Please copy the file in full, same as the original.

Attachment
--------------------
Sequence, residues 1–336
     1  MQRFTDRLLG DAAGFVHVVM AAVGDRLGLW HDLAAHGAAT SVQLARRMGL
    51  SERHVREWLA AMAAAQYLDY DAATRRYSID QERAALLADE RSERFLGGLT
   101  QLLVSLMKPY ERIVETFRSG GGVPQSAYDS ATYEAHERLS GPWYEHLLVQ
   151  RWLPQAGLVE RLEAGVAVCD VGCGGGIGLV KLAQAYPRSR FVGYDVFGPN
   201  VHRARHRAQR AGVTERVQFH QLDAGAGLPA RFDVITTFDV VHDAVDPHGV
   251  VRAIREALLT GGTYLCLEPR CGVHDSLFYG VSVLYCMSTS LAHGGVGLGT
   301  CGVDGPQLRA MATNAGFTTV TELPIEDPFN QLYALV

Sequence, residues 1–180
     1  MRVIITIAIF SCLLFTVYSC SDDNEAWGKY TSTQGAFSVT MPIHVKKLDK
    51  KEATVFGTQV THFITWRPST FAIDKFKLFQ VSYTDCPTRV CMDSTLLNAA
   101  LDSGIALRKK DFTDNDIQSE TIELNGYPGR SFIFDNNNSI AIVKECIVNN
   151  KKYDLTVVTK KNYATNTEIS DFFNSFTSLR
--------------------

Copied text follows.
Sequence, residues 1–336
     1  MQRFTDRLLG DAAGFVHVVM AAVGDRLGLW HDLAAHGAAT SVQLARRMGL
    51  SERHVREWLA AMAAAQYLDY DAATRRYSID QERAALLADE RSERFLGGLT
   101  QLLVSLMKPY ERIVETFRSG GGVPQSAYDS ATYEAHERLS GPWYEHLLVQ
   151  RWLPQAGLVE RLEAGVAVCD VGCGGGIGLV KLAQAYPRSR FVGYDVFGPN
   201  VHRARHRAQR AGVTERVQFH QLDAGAGLPA RFDVITTFDV VHDAVDPHGV
   251  VRAIREALLT GGTYLCLEPR CGVHDSLFYG VSVLYCMSTS LAHGGVGLGT
   301  CGVDGPQLRA MATNAGFTTV TELPIEDPFN QLYALV

Sequence, residues 1–180
     1  MRVIITIAIF SCLLFTVYSC SDDNEAWGKY TSTQGAFSVT MPIHVKKLDK
    51  KEATVFGTQV THFITWRPST FAIDKFKLFQ VSYTDCPTRV CMDSTLLNAA
   101  LDSGIALRKK DFTDNDIQSE TIELNGYPGR SFIFDNNNSI AIVKECIVNN
   151  KKYDLTVVTK KNYATNTEIS DFFNSFTSLR